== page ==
FORT BENNING, Ga., (June 15, 2016) -- Retired Maj. Gen. Bernard "Burn" Loeffke, West Point class of '57, spoke June 8 to Maneuver captains currently in the Maneuver Captain's Career Course at Fort Benning about the importance of open and benevolent communication with nations to ensure a safer and more cooperative world.
As Loeffke stated, "when people stop talking, people start dying," and it is paramount that the junior officers of today grow up in the military and make the effort to speak to even those who are considered the enemy.
Loeffke has a Bachelor of Science in Engineering, an Master of Arts in Russian Language and Soviet Area Studies, and a Ph.D. in International Relations. He taught Russian at the United States Military Academy and U.S. Foreign Policy at Georgetown University. In 1992, he retired from the Army and started his medical career and in 1997, finished his studies as a physician's assistant. He now participates in medical missions in war-torn and impoverished areas such as Bosnia, Haiti, Kenya, Iraq, Niger, Darfur and the Amazon jungles.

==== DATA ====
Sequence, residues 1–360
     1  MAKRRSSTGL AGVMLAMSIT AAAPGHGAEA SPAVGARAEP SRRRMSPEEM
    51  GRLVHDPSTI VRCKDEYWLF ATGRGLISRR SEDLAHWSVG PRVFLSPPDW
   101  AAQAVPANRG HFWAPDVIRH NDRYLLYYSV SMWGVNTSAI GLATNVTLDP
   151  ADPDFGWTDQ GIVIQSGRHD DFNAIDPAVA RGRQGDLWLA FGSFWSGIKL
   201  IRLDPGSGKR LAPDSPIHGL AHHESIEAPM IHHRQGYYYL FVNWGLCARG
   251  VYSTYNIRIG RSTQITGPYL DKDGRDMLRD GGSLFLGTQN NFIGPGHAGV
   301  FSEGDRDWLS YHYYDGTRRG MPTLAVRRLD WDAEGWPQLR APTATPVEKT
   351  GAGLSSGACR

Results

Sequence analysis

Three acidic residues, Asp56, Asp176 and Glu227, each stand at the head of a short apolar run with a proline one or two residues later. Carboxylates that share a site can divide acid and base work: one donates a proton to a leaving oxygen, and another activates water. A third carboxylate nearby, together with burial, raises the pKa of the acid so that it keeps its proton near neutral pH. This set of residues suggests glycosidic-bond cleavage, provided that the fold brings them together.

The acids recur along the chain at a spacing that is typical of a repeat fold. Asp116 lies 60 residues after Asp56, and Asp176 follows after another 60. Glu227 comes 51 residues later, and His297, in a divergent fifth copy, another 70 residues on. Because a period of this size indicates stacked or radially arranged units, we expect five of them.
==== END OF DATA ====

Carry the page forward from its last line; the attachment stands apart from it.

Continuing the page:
Loeffke has commanded Special Forces, an Infantry battalion, was a paratroop advisor to Vietnamese units, was the Army Attaché in Moscow, a staff officer in the White House and was the director of the Commission on White House Fellows. He culminated his military career as the commanding general of U.S. Army South.
While serving as a junior officer in Vietnam, Loeffke said he was forever changed by the combat death of one of his Soldiers, Sgt. Larry Morford. Morford opposed the war, but explained to the young Loeffke that even during a time of the draft, when his unit was predominantly draftees, he chose to volunteer to be a Soldier because "war is a beastly job and the least beastly of us should be doing it."
Loeffke said he honors the sergeant's memory to this day for changing his life and dedicated the Friendship Fund at West Point in Morford's honor to inspire cadets to increase their understanding of Russian and Chinese relations. He likened Morford's selfless service to that of Corporal Lei Feng, a Chinese army truck driver who was killed in an accident in 1962. Feng epitomized selfless service and became a national icon in China as the personification of altruism and helped lead the country out of chaos, according to Loeffke.
Loeffke stressed that through his differing experiences and knowledge, he hopes to impart on the young officers the importance of communication to prevent wars and the importance of finding the right medium to relate to whomever the conversation is directed toward.
He stated that differing nations perceive and value things differently, and one common language that everyone speaks is health, and that he has found that working to improve the health of a population builds lasting friendships and allies, not enemies.